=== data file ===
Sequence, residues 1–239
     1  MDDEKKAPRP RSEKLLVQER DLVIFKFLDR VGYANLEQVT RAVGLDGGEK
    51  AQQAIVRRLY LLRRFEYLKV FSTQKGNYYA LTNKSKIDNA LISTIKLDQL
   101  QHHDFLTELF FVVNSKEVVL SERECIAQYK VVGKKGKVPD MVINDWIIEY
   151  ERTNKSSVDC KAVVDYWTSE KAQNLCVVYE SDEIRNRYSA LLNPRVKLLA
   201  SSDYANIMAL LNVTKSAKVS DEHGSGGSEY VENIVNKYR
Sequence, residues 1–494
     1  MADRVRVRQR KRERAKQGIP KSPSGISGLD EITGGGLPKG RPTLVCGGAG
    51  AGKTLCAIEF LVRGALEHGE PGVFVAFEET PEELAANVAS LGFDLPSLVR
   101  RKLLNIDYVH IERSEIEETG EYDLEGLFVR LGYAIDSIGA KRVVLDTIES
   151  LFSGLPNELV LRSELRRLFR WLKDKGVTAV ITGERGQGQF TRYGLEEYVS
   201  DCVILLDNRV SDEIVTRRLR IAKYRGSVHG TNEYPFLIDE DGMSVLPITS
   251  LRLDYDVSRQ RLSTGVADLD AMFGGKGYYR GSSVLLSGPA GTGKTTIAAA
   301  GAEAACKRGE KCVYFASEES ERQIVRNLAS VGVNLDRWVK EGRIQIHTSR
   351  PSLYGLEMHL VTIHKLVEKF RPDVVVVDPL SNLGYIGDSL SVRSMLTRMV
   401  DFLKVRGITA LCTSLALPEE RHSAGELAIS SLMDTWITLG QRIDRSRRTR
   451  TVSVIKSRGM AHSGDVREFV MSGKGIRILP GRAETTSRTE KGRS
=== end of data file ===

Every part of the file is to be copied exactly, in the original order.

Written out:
Sequence, residues 1–239
     1  MDDEKKAPRP RSEKLLVQER DLVIFKFLDR VGYANLEQVT RAVGLDGGEK
    51  AQQAIVRRLY LLRRFEYLKV FSTQKGNYYA LTNKSKIDNA LISTIKLDQL
   101  QHHDFLTELF FVVNSKEVVL SERECIAQYK VVGKKGKVPD MVINDWIIEY
   151  ERTNKSSVDC KAVVDYWTSE KAQNLCVVYE SDEIRNRYSA LLNPRVKLLA
   201  SSDYANIMAL LNVTKSAKVS DEHGSGGSEY VENIVNKYR
Sequence, residues 1–494
     1  MADRVRVRQR KRERAKQGIP KSPSGISGLD EITGGGLPKG RPTLVCGGAG
    51  AGKTLCAIEF LVRGALEHGE PGVFVAFEET PEELAANVAS LGFDLPSLVR
   101  RKLLNIDYVH IERSEIEETG EYDLEGLFVR LGYAIDSIGA KRVVLDTIES
   151  LFSGLPNELV LRSELRRLFR WLKDKGVTAV ITGERGQGQF TRYGLEEYVS
   201  DCVILLDNRV SDEIVTRRLR IAKYRGSVHG TNEYPFLIDE DGMSVLPITS
   251  LRLDYDVSRQ RLSTGVADLD AMFGGKGYYR GSSVLLSGPA GTGKTTIAAA
   301  GAEAACKRGE KCVYFASEES ERQIVRNLAS VGVNLDRWVK EGRIQIHTSR
   351  PSLYGLEMHL VTIHKLVEKF RPDVVVVDPL SNLGYIGDSL SVRSMLTRMV
   401  DFLKVRGITA LCTSLALPEE RHSAGELAIS SLMDTWITLG QRIDRSRRTR
   451  TVSVIKSRGM AHSGDVREFV MSGKGIRILP GRAETTSRTE KGRS